Friedman declared the regulation "unconstitutionally vague" and too broad. He conceded that the Capitol Police have the right to prevent disruptive conduct in the building but declared that the policy "sweeps too broadly by inviting the Capitol Police to restrict behavior that is in no way disruptive."
Ten Commandments Bill Approved In Kentucky
The Kentucky General Assembly has passed legislation urging the posting of the Ten Commandments in public schools and other government buildings. The bill, which Gov. Paul Patton said he is prepared to sign into law, also requires that a 7-foot-high Decalogue monument be placed outside the Capitol near the state's floral clock.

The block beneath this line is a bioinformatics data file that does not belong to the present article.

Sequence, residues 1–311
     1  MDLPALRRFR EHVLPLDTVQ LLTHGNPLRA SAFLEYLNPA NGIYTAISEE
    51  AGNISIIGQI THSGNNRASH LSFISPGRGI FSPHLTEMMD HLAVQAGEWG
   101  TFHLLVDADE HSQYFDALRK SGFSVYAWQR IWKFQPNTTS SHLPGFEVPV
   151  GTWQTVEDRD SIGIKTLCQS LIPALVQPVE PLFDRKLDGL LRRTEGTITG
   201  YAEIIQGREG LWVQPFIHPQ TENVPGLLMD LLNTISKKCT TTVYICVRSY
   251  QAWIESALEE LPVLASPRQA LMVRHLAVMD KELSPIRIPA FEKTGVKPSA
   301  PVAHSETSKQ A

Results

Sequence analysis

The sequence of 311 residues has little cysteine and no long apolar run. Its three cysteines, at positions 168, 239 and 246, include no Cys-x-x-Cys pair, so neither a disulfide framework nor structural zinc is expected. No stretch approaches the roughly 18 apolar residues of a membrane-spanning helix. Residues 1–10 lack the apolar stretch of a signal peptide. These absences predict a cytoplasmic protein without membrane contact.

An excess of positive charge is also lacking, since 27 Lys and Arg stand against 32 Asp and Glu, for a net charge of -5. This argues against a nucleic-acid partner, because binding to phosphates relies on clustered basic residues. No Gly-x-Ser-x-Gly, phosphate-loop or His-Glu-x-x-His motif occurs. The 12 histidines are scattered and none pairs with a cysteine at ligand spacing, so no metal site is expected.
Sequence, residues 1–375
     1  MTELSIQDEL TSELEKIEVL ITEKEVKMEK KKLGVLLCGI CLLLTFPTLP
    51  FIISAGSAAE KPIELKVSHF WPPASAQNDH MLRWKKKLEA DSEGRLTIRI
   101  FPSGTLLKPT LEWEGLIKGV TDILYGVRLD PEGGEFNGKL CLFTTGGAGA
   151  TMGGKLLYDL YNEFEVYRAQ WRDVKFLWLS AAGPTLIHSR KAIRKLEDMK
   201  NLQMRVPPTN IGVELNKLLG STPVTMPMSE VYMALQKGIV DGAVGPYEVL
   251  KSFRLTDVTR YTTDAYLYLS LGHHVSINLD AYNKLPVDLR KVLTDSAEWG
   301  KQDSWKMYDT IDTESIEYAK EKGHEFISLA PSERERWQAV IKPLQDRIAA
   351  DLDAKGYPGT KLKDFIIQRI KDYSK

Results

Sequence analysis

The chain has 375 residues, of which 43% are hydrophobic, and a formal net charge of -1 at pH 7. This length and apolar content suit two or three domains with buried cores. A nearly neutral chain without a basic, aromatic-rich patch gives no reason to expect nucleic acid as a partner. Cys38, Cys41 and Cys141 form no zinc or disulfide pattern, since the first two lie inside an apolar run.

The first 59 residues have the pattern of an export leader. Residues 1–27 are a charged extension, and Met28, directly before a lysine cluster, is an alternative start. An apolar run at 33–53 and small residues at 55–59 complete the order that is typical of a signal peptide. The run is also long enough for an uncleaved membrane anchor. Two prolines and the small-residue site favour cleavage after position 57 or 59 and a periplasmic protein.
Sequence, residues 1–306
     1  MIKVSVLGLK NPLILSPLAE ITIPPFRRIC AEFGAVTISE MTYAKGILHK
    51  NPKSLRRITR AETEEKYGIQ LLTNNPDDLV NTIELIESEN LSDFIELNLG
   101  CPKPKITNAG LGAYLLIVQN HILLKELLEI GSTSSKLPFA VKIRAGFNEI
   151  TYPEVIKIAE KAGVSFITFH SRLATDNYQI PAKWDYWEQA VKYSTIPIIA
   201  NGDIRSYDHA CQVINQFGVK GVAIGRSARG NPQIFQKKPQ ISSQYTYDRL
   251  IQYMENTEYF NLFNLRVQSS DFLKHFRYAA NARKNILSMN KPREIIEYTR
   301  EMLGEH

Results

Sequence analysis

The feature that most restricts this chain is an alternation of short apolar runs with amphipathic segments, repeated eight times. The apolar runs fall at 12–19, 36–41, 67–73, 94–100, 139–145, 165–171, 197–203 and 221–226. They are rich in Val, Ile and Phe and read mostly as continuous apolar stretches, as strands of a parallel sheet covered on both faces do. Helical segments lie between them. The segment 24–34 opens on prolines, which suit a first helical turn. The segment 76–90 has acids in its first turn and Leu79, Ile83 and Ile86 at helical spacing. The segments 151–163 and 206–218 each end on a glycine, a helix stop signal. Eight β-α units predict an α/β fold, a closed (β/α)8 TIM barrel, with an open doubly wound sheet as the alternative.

On March 29, the Kentucky Senate voted 33 to 2 to pass S.J.R. 57, a resolution that declares the Ten Commandments to be the foundation for our laws and therefore suitable for posting on state property. The bill claims the purpose of the display "shall not be to advance religion, but to advance the important secular purpose of illustrating how the Bible and the Ten Commandments have influenced the faith, morals, and character of American leaders who, in turn, have shaped American law, public policy, and institutions."
If the bill becomes law, the Commandments will be incorporated into larger displays of other "historic documents."
"God wants the Ten Commandments," said Sen. Albert Robinson (R-London), sponsor of the legislation. "That's where we come from."
Civil liberties groups have already announced that the measure will likely be challenged in court if it becomes law. Kentucky joins Indiana and South Dakota as state legislatures that passed Ten Commandments laws during this legislative session.
'In God We Trust' Posters Headed To Public Schools